Hulk Hogan Vs John Cena

Given John Cena’s level of popularity and his dominance of not only the industry, but pretty much every opponent he comes up against, it is unsurprising that many refer to the leader of the ‘Cenation’ as the PG-era version of Hulk Hogan. In much the same way as the ‘Hulkster’, the WWE has a proven formula for booking Cena in storylines and scenarios, constantly feeding him the latest heel on the block before overcoming them in their feud-ending encounter. ‘Super Cena’; the often-ridiculed manner in which Cena no-sells the effects of the match that has just taken place and mounts a super-human comeback which usually leads to a Cena victory is really not all that different from ‘hulking up’ either. It’s easy to see the comparisons and as such, from a fantasy booking perspective, a Hogan versus Cena match has to be right up there.

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The interesting thing about this match is that, though it may be unlikely, there is still a chance that it could happen. In spite of his age, and the mounting list of health concerns that he has had over the past couple of years, it is hard to imagine a time when we will ever be completely sure that Hogan won’t make yet another in-ring return at some point. After all, it is widely believed that Hogan is in preparations to be the man who will face Bully Ray in the main match at TNA Bound For Glory later this year. If that does indeed happen, is it really that much of a leap to believe he might return to WWE for a money spinning turn with John Cena? Though in the past Vince McMahon has not been willing to balk to Hogan’s substantial asking price, he has also never been one to let an opportunity slip by.

Of course, if it were to happen, it’s incredibly likely that it would be an awful in-ring spectacle. Hogan was never one of the best workers in the business, but he at least, given the right opponent, could take part in exciting and believable matches during his prime. Now, at the grand old age of 59, and completely unable to take bumps at all, Hogan is simply not capable of putting in a performance worthy of taking part at an indie card, let alone a Wrestlemania. If a Hogan match was to work, his opponent would have to take all the bumps and be willing to throw themselves around all over the ring to put Hogan’s weak looking offence over- whatever you think of John Cena he isn’t the man for such a job.

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Despite all this, much like it was for his Wrestlemania 18 collision with The Rock, any match featuring Hulk Hogan would play before fantastic heat. With the generational gap being so pronounced thanks to older fans disdain for John Cena, this would be the ultimate cross-generation contest, old versus new in a way that even The Rock and Hogan’s match couldn’t approach. Popular belief dictates that the Undertaker’s match at Wrestlemania 30 will be against John Cena, but if you want an outside bet on a future Wrestlemania opponent for Mr ‘You Can’t See Me’ don’t look beyond Hogan, who for all his shortcomings, in a WWE setting would still be a massive draw, as the old saying goes- “anything can happen in the WWE!”.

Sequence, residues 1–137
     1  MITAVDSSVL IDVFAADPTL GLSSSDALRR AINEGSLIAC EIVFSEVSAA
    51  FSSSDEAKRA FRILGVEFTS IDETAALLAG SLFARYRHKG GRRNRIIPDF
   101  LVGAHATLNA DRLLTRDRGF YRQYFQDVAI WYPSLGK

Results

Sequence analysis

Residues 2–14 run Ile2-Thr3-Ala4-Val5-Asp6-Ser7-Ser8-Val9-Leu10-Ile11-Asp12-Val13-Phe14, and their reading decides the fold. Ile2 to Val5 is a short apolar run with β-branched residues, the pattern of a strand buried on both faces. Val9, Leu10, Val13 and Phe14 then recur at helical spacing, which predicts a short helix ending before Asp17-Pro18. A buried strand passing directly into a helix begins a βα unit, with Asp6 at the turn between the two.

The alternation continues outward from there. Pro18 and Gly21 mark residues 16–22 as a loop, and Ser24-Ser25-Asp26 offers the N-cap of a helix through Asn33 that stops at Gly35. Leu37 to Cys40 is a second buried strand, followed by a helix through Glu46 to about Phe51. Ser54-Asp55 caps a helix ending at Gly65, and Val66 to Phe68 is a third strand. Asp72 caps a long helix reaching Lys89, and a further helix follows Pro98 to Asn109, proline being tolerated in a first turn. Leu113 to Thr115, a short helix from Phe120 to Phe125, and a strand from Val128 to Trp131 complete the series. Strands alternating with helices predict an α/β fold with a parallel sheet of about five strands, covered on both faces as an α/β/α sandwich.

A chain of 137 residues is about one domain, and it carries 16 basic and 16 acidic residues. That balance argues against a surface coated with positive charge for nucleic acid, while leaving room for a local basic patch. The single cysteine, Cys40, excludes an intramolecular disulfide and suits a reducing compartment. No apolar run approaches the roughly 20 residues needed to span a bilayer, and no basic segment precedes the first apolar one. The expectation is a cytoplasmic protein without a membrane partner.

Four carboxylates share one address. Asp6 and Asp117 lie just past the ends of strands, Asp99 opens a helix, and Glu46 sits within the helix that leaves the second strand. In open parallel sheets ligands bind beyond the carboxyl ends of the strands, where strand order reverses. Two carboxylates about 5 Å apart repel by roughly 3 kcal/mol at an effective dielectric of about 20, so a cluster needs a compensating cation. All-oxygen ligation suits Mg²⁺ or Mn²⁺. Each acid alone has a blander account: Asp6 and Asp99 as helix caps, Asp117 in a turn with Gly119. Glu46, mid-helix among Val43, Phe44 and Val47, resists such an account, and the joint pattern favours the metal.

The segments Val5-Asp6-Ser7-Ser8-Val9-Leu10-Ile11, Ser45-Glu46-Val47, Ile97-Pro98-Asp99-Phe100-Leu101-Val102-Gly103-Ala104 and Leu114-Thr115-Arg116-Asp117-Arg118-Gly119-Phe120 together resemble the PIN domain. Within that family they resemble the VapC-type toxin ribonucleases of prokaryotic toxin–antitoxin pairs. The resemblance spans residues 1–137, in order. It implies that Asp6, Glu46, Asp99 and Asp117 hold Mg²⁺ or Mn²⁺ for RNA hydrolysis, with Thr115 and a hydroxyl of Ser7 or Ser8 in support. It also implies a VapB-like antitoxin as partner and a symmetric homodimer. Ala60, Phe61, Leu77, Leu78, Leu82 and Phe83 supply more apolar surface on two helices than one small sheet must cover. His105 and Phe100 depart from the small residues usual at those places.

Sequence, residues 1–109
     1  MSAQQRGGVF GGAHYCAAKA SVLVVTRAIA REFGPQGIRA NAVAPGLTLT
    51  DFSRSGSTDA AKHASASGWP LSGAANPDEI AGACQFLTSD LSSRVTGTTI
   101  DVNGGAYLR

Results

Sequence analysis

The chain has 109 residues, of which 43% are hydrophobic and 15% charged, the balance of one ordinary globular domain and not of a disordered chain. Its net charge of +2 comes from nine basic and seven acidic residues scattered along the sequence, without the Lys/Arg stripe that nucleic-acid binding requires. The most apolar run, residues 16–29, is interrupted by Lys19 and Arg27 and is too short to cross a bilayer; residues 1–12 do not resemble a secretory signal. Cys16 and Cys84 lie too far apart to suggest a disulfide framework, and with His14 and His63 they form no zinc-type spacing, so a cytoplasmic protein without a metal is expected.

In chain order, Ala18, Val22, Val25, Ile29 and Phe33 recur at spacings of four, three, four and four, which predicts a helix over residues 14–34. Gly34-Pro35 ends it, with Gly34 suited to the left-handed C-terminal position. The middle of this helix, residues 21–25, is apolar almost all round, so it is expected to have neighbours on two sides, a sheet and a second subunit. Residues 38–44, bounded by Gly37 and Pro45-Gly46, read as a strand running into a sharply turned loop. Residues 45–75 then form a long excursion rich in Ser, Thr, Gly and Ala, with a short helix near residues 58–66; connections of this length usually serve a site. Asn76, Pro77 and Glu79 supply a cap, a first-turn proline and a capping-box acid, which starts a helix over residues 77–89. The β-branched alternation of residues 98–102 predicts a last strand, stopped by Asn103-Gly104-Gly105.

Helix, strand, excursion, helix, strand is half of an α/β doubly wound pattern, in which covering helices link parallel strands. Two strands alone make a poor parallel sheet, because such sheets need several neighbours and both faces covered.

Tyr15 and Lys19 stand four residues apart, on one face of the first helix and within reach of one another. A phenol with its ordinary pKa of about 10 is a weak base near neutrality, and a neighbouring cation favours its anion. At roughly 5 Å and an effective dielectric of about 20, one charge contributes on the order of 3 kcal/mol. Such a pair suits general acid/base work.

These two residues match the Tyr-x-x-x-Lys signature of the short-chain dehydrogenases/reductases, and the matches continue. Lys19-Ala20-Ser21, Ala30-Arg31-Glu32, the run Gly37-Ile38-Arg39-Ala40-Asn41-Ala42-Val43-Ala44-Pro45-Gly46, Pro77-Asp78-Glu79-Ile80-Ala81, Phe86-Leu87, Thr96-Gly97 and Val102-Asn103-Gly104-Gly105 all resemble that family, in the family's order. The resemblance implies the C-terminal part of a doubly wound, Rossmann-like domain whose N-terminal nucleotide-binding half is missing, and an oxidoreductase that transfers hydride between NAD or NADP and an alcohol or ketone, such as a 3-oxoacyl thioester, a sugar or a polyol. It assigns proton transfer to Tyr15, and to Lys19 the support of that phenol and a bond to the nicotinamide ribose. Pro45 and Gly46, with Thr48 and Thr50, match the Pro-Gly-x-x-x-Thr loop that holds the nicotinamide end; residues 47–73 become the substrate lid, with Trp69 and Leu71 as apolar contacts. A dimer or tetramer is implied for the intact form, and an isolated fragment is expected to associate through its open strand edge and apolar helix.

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  • Jimmy Redman

    I don’t understand Angle vs Savage, it seems like a really odd choice to make on the surface. Savage is about character-driven angles and being a super heel. I’m not sure where Angle fits into that exactly since he’s not really the big babyface to effectively play off that.
    And dismissing Cena’s theoretical ability to eat Hogan’s offense is a strange one when selling is one of his best attributes and he has shown time and time again he is willing and able to bump his ass off and make a guy look spectacular when need be.

    • Anthony

      Agreed. I’ve always felt Angle-Hart to be a much better dream match due to their styles.

  • Kenji Kent

    The Rock vs Shawn Michaels never happened because HBK back in the late 90s hated the Rock. And the timing was off whenever HBK and The Rock made their returns in the 21st Century.
    As for Steve Austin, he was quite a technical wrestler in his WCW days, but a lot of new fans (and maybe old fans too) will only remember his WWF stuff.

  • bob

    Hogan/Cena would be a 2 hour iron man match that ends in a 0-0 draw.

  • Adam Sockwell

    Sting Vs Taker….Austin VS Hogan….Boogey Man VS Papa Shango